At nearly midnight, Eric McElvenny thought he would silently slip home after traveling from Tokyo, Japan, where he recently competed in 2021 Paralympic Games.

Instead, the Bethel Park resident and Belle Vernon graduate received a hero's welcome. Congratulatory signs lined the lawns and tiny American flags were unfurled along the curbs on the street where he lives.

McElvenny took sixth place in the PTS4 Triathlon. He also was the first American to cross the finish line in the event.

“We are so proud of Eric as a neighbor,” said Shawn McCaffrey. “He is an inspiration to all of us. Everything that he has done. He has worked very hard to recover from his injury and now he is an Olympian.”

A U.S. Marine veteran, McElvenny lost his lower right leg after stepping on an IED during a deployment in Afghanistan in 2010. He said he did not realize how much support he had from the community. 

“It’s been so amazing,” McElvenny said. “I feel loved and that people care about me. It’s so cool to represent the United States of America, my community and my neighbors.”

For McElvenny the experience has been a dream come true. As a kid, he said he watched the Olympic Games and envisioned some day being part of the event and donning the USA gear.

“When it really happens, it’s emotional. Hard to put into words,” he said.

McElvenny left for the Paralympic Games in mid-summer. From July 23-Aug. 12, his team trained in Colorado Springs, Colo. From Aug. 12-21, the team acclimatized in Hawaii to prepare for the heat and humidity that awaited in Tokyo. From Aug. 22-Sept. 4, McElvenny prepared for competition while he also participated in events. He attended the opening ceremonies because they were far enough away from his race.

“It was great to see all the countries and the athletes and though it was a long wait because the USA was the third to last to be announced, just entering the stadium gave you chills," McElvenny said of the opening ceremonies.

Because of the COVID-19 pandemic, no fans were admitted. Only volunteers, athletes, the performers and officials attended the event.

“There were USA chants and such positive energy,” McElvenny said. “You could only imagine what it would have been like if the stadium were packed.”

A veteran of many triathlons and Ironman competitions, McElvenny envisioned his race would be familiar as well. He would survive a 750-meter swim, cycle 20 kilometers and run 3.1 miles within a 1:06:28 timespan.

“When the gun goes off, you stop being nervous and the chaos ensues,” McElvenny said.

McElvenny said the first 100 meters of the swim is all out because athletes are trying to gain position and execute their game plans. McElvenny found himself first among a small group of racers behind the lead pack.

“Swimming is not my best but I have gotten better at it," he said. "I knew I wasn’t getting out of the water first but I got into a groove.”

His first transition went smoothly.

“As practiced,” he said.

McElvenney put on his prosthetic leg and mounted his bike.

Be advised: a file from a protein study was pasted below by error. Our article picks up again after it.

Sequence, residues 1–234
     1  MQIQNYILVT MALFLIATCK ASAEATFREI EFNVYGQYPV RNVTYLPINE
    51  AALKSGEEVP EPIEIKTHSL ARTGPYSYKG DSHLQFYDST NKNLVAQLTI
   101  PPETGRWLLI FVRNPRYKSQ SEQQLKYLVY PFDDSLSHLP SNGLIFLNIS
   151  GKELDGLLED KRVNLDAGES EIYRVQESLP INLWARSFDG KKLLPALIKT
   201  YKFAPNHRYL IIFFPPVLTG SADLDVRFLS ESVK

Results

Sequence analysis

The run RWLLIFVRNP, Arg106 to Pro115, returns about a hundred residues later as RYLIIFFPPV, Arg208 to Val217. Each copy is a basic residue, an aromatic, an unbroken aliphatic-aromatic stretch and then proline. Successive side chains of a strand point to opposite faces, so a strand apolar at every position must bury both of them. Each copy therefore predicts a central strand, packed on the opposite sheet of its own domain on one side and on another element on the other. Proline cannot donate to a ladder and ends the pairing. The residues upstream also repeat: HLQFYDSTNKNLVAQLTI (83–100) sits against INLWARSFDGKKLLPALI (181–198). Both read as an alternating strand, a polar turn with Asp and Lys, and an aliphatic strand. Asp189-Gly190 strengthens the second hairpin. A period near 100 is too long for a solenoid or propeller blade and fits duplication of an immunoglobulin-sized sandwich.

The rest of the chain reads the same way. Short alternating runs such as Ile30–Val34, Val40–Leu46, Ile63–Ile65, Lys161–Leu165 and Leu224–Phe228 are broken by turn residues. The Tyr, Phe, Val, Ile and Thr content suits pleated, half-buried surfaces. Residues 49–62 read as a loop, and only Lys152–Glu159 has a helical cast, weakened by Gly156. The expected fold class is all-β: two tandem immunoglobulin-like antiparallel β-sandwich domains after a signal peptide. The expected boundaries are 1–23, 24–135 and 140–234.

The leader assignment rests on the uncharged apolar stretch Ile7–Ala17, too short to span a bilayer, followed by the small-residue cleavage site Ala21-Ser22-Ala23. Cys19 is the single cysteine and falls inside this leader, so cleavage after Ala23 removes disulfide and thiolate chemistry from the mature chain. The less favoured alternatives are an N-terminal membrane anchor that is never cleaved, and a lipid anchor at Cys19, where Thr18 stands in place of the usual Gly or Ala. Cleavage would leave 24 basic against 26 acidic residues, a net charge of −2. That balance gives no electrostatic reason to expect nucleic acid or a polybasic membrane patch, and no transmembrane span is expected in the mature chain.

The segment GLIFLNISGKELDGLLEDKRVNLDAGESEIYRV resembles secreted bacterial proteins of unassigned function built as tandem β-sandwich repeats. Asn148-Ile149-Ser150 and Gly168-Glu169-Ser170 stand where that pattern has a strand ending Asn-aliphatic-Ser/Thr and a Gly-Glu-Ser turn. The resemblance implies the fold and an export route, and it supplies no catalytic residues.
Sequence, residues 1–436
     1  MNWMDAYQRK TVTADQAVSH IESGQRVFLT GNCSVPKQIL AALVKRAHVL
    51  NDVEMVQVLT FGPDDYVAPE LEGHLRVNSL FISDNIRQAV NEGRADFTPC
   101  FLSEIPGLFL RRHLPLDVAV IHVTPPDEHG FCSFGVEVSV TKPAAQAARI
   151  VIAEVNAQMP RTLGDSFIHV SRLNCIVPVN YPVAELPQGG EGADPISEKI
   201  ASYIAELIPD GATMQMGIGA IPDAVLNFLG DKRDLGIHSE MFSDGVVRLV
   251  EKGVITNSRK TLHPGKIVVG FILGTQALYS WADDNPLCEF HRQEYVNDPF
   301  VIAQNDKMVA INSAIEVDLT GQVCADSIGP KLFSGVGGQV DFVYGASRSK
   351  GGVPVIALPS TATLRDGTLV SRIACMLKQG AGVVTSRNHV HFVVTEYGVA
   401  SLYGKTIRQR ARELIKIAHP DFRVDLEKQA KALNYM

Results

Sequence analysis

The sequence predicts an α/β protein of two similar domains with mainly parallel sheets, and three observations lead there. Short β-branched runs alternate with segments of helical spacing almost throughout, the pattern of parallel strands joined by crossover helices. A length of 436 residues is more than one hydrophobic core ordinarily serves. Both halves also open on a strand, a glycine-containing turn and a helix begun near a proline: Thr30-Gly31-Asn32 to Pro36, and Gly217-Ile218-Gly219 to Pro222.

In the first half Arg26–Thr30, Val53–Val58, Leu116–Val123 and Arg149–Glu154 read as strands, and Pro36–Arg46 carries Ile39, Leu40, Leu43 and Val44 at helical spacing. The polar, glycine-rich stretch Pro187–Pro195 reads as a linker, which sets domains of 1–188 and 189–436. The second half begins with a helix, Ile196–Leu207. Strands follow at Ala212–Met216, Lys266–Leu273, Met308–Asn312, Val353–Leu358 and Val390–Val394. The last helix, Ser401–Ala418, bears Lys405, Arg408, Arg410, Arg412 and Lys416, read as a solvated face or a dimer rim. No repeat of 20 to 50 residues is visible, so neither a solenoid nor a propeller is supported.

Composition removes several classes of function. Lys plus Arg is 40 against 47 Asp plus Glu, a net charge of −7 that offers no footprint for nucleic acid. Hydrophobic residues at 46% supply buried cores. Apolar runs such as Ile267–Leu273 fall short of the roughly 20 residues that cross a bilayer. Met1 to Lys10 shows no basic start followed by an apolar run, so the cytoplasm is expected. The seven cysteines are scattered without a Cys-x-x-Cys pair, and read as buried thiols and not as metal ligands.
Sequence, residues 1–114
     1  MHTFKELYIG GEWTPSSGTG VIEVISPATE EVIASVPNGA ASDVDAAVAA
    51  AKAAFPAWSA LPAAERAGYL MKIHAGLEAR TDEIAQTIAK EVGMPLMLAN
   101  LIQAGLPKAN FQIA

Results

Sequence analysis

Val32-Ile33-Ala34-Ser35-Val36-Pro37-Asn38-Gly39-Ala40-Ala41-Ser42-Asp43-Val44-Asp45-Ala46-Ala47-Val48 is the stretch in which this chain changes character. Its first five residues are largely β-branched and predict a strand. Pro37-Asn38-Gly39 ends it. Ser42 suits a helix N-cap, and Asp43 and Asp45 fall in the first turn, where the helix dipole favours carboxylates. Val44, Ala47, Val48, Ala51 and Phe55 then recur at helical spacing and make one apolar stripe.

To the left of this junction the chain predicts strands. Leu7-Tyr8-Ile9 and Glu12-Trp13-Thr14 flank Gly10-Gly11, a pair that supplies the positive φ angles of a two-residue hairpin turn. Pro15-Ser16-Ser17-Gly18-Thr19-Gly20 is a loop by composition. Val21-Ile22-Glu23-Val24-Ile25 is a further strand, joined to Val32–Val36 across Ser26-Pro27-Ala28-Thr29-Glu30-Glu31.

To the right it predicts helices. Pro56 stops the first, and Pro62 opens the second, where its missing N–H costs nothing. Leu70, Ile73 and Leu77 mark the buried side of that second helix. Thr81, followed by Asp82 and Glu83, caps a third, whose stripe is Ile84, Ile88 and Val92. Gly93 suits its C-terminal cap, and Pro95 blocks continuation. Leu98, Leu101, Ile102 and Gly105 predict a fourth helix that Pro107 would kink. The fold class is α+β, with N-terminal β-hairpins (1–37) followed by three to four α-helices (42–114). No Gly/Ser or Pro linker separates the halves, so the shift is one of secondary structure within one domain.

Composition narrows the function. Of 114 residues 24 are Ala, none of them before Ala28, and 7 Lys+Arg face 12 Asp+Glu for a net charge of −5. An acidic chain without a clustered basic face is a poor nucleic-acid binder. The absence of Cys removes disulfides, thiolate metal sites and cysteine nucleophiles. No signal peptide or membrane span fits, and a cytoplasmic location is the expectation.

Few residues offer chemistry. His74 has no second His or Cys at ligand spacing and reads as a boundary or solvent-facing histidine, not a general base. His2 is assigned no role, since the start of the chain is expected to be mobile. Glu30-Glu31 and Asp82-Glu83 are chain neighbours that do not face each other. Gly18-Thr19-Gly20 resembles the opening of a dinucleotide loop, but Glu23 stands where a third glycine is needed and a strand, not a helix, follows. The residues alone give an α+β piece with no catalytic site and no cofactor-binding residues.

“It was a fast transition and I was very happy with getting on the bike without issues,” he said. “The bike went alright. I was doing what I wanted to do, felt good and was making good times but at the same time, because it was a four-loop ride, I could see the guys ahead of me.

"In the moment it’s frustrating,"he added, "because you are asking yourself how are these guys beating me when I’m executing my plan.”

McElvenny did not make up ground on the bike. He maintained his position as he headed into the second transition. There he changed into a leg, fitted with a blade for running.

McElvenny passed a few competitors and avoided being passed himself as he reached to the finish line.

“It was definitely memorable,” McElvenny said. “At that point, I enjoyed it. I ran well. I looked up and saw myself on the screen so I savored the moment. Even though no part of me wanted to smile, I put a smile on my face for the people who supported me so much because they would be seeing me on television.”

McElvenny's teammate and best friend, Jamie Brown, finished in ninth place. He said Brown was one of the reasons he want to come to Tokyo.

“I wanted both of us to be on the podium,” McElvenny said. “We gave it our all and we knew that one of us might finish ahead of the other.”

McElvenny’s rise in triathlons has been swift. In May, he was ranked 16th but jumped up 10 spots in the world.

“Although I was disappointed not to secure a medal for my team and country, I’m proud of the and progress I made in a few months and the accomplishment because this was my first triathlon in a Paralympics," he said.

McElvenny has already commenced preparations for the 2024 Paralympics in Paris. After competing in an Ironman held in St. George, McElvenny will participate in the World Championship Para Triathlon World Championships to be held Nov. 5 in Abu Dhabi. 

“It’s not much of a break but if I want to go to Paris and medal, I need to start rolling with the races," he said. "Yes, I’m sad the Paralympics are over, but luck for me, I don’t have to take a break. It’s always what’s next for me.”

Almanac Sports Editor

An award-winning journalist, Eleanor Bailey has been employed by Observer Publishing Company since 1982. She is the sports editor at The Almanac and a contributor for the Observer-Reporter.

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